In general, cluster 10 seems to be hard to predict and the clustering does not
seem to be very strong. On the other hand, the "other" class is easily
predictable, indicating that cluster 10 indeed contains "structure".
# Neural networks
Recent years have seen an increasing interest in (deep) neural networks.
An artificial neural network, initially inspired by neural networks in the brain
consists of layers of interconnected compute units (neurons).
<!-- <img src="Colored_neural_network.svg.png" style="width: 50%; height: 50%" > -->
![A Neural Network](Colored_neural_network.svg.png)
In the canonical configuration shown in the figure^[image source: [Wikipedia Commons](https://commons.wikimedia.org/wiki/File:Colored_neural_network.svg)],
the network receives data in
an input layer, which are then transformed in a nonlinear way through (multiple)
hidden layers, before final outputs are computed in the output layer. ^[multiple hidden layers = "deep learning"].
Each neuron computes a weighted sum of its inputs and applies a nonlinear
activation function to calculate its output:
<span style="font-size:large;"> output = activation( input * weights + bias) </span>
The most
popular activation function is the rectified linear unit (ReLU)^[See the
[Wikipedia article](https://en.wikipedia.org/wiki/Rectifier_(neural_networks))]
that thresholds negative signals to 0 and passes through positive signal.
The weights between neurons are free parameters that capture the model’s
representation of the data and are learned from input/output samples.
Learning minimizes a loss function hat measures the fit of the model output
to the true label of a sample. This minimization is
challenging, since the loss function is high-dimensional and non--convex, similar
to a landscape with many hills and valleys. The loss function is optimized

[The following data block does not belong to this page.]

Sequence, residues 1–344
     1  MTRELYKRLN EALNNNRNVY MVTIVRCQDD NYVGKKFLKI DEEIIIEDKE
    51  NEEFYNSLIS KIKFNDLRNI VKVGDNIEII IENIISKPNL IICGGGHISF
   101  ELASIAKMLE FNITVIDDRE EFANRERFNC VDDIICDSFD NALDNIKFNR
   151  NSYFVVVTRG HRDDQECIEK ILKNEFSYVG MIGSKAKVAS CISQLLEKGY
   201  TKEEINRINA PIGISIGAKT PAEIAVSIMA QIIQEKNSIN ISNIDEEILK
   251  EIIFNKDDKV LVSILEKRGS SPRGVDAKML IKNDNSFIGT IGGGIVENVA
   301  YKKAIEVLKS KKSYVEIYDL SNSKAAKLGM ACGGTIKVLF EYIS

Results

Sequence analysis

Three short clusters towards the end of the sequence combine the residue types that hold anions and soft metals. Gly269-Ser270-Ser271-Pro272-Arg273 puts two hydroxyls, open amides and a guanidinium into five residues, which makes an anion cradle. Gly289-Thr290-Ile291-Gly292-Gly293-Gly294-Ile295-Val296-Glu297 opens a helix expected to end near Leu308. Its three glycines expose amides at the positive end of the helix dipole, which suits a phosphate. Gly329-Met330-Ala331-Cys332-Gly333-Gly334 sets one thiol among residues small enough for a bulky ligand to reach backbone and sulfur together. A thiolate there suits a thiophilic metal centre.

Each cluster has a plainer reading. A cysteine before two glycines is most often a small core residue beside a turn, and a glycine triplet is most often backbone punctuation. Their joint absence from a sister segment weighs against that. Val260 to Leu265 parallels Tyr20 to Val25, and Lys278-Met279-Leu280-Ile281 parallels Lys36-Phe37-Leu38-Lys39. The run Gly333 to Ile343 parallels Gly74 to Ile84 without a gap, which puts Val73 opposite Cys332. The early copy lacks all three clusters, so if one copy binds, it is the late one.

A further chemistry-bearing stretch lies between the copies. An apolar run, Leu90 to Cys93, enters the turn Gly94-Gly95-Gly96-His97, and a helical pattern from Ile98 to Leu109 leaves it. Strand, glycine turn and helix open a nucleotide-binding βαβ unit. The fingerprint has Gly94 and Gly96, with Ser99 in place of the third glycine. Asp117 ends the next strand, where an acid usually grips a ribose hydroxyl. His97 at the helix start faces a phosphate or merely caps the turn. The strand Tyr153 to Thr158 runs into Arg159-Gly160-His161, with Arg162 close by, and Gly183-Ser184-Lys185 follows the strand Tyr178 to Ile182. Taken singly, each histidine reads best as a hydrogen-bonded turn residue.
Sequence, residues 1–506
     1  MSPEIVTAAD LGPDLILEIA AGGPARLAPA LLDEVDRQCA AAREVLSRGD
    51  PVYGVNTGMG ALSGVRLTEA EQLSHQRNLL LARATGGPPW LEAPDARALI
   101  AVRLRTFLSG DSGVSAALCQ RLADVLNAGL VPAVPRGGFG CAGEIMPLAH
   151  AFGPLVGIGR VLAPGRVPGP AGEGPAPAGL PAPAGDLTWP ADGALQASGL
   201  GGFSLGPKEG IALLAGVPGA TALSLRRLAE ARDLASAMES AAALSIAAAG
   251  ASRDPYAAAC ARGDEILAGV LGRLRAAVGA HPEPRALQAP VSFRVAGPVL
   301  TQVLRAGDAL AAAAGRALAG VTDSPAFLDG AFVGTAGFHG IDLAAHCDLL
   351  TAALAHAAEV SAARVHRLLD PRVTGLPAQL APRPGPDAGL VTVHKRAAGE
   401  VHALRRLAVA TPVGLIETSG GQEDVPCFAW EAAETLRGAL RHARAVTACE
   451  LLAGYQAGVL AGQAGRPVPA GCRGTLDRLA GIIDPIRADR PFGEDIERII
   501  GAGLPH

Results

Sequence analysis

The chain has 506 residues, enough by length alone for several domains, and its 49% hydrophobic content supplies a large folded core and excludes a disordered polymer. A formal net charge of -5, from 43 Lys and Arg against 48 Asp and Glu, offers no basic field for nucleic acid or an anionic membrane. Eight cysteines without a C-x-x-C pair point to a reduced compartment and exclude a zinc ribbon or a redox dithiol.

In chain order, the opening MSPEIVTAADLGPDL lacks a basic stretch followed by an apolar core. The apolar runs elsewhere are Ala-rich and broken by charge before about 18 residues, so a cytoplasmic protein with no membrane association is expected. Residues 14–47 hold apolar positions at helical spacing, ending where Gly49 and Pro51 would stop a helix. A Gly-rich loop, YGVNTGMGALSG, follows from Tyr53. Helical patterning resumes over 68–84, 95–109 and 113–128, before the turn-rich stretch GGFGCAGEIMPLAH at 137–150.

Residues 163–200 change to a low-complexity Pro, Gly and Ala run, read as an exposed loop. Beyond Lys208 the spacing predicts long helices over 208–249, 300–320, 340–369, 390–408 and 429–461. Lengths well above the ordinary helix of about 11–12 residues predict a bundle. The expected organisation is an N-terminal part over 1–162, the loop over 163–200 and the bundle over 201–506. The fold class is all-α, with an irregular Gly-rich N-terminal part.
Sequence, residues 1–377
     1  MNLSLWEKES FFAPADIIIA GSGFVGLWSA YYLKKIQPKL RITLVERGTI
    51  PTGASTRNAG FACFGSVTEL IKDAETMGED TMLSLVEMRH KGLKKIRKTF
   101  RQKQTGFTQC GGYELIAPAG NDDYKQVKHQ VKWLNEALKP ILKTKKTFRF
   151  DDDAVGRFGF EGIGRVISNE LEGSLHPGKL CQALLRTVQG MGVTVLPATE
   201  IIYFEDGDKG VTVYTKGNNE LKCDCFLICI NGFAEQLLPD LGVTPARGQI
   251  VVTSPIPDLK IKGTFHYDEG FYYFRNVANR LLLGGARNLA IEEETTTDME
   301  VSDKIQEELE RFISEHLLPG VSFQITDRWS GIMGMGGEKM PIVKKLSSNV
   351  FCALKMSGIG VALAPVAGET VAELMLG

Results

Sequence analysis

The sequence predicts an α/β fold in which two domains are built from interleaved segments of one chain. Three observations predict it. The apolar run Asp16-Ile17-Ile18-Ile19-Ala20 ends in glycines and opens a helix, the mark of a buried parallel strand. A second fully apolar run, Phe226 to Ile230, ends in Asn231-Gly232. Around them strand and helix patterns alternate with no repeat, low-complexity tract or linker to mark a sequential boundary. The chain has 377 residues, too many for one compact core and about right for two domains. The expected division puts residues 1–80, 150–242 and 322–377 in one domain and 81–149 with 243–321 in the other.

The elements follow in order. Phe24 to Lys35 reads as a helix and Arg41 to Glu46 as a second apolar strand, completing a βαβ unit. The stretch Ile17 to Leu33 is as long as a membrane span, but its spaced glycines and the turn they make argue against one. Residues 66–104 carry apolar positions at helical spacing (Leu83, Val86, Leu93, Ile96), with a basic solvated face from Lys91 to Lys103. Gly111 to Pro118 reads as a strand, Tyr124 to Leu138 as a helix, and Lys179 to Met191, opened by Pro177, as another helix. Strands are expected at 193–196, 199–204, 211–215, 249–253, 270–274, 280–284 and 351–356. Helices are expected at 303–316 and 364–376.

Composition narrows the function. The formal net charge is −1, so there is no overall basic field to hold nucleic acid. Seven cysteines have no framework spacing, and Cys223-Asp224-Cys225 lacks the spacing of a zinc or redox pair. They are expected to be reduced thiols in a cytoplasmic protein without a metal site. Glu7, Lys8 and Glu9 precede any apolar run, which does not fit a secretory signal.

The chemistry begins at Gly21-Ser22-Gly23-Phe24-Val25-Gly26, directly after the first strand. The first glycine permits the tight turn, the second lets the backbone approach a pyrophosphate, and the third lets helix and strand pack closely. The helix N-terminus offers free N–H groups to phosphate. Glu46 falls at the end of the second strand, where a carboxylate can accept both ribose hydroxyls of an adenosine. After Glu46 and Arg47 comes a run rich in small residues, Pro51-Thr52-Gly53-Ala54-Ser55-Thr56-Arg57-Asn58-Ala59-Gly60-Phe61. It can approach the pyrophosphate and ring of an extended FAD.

by changing the weights along its negative gradient. The gradient points
into the direction of steepest ascent, but as minimization of the loss function
is desired, the negative gradient is used.
The gradient is evaluated via the chain rule for derivatives, This, together with
optimization on random batches^[batch = random data sample on which
the current is updated on] of the data is called
"stochastic gradient descent" allows
for efficient training of neural networks. Usually one optimizes the
model during multiple "epochs", where an epoch is one full pass through the
data.^[E.g. If there are 1000 samples and the batch size is 32 an epoch
consists of training on roughly 31 batches]
Alternative architectures to such fully connected feedforward networks have been
developed for specific applications, which differ in the way neurons
are arranged. These include convolutional neural networks, which are widely used
for image analysis and recurrent neural networks for sequential
data, or autoencoders for unsupervised learning.
A concise review of deep learning in biology is given by @Angermueller_2016,
a comprehensive overview of the topic is provided by the book of
@Goodfellow_2016.
^[See also [this](https://keras.rstudio.com/articles/learn.html)
rstudio page with a list of deep learning resources.
@Ching_2018 provides an extensive, "crowd--sourced" overview of deep learning
applications in biology.
## Fitting neural networks with Keras
Creating and fitting neural network architectures used to be technically
challenging. In order to alleviate this tasks, powerful frameworks have
been developed to easily implement the "backend" using the full power
of today's CPUs and GPUs. Here, we use
[TensorFlow](https://www.tensorflow.org/)^[TensorFlow, the TensorFlow logo and any related marks are trademarks of Google Inc.], another popular framework
is [Theano](http://www.deeplearning.net/software/theano/). While these
frameworks make it easier to create and train neural networks^[For a simple
TensorFlow example, see the [paper by P.
Goldsborough](https://arxiv.org/abs/1610.01178)]. However, even though
these frameworks make it easier, they still require quite some expert knowledge
to train neural networks. This is where [Keras](https://keras.io/) comes